"We felt like we've been doing what we've been doing for so long and in many ways I think it was time to break out of that restriction," he said. "So maybe it's a bit of an experiment, we weren't sure how far we were going to take it, but we were having fun with it. So it's sort of the result of that. Hopefully people can see that. It's not a Ninja Gaiden game you should take very, very seriously, obviously. It's a nice little detour for us and gives you a look at some of our potential for maybe something in the future as well. It's just a different slice for us."
Zombies, environments, everything down to Yaiba's potty mouth — he lets some pretty excellent words fly just within the game's first cut scene — was designed to be hilarious, not offensive, or terrifying, or gross on purpose. But Lee already knows old-school Ninja Gaiden fans will be offended. In fact, he is expecting them to be. But Yaiba was made to give them a different experience and to draw in a new audience that is into the sex-and-blood appeal of some games, akin to Lollipop Chainsaw and Killer is Dead.
"I'd be lying if I said it wasn't [anticipating it]," Lee said. "I think we're most concerned about hardcore Ninja Gaiden fans. I think it'll take them a little bit before they understand. They might question what the hell this is, you know, in that sense: like, why is he vomiting for 15 seconds straight? And why is this ninja [Yaiba] so talky? Hayabusa is usually the silent, reserved guy and there's not so much chatter going on. But I think the general sort of, the newbies to this game and the broader audience, we're hoping that they appreciate it."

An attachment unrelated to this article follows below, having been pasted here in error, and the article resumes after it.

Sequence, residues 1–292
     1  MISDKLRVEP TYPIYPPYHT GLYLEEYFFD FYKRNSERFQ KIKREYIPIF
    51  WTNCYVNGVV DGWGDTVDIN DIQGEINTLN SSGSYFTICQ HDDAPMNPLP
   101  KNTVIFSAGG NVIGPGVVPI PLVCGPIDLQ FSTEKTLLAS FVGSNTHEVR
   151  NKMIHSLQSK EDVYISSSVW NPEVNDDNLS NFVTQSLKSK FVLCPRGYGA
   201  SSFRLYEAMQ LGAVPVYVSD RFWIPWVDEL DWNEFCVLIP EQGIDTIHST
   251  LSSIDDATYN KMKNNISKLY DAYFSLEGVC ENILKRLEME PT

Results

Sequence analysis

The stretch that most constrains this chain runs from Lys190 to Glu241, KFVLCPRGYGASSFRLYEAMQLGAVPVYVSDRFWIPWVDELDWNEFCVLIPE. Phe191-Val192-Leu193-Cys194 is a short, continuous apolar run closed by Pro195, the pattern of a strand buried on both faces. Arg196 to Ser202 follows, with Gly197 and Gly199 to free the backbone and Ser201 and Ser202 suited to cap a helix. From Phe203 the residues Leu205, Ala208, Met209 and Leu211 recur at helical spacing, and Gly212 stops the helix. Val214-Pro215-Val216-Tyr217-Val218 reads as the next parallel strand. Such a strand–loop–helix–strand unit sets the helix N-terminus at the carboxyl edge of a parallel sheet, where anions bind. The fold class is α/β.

The new combat system for Yaiba includes a few features new to the spin-off. Players can dismantle zombies and harvest their parts for their own use, strapping poison-spewing organs to their backs and even grabbing whole zombies and using them to destroy obstacles and other undead. The animation for the latter is particularly amusing — there's something hilarious about watching a big beefy half-metal man dragging a limp growling zombie behind him, then flinging it into an electrical engine or rock wall. Players can also use electrical, poisoned and other elemental-type zombies for light puzzle solving, determining which kind can be best used to surmount obstacles. These elements prevent Yaiba from being just a generic hack-and-slash.
"We're trying to make the game quite satisfying for any type of player," Babb said. "Casual players can come in and just mow through zombies until they run into one of the higher class zombies and they're like, 'Ok, I got to figure stuff out.' We also have things for people that like to think through games a little bit. We have an elemental system that you get tested on over and over again. So it reinforces what you should learn and how to combine the elements. And we have puzzles that help you get through the game. You have to solve them."
"For the Ninja Gaiden fans I think — and I know that they don't want this to be a dumb hack-and-slash in that sense — but there's going to be plenty of opportunities for them to do their combat in a very smart, intelligent way and also be able to show things off, make it look sexy as they like it to be," Lee added. "I think there's enough for those guys as well. But again, it's all wrapped up in this crazy, candy-coated style."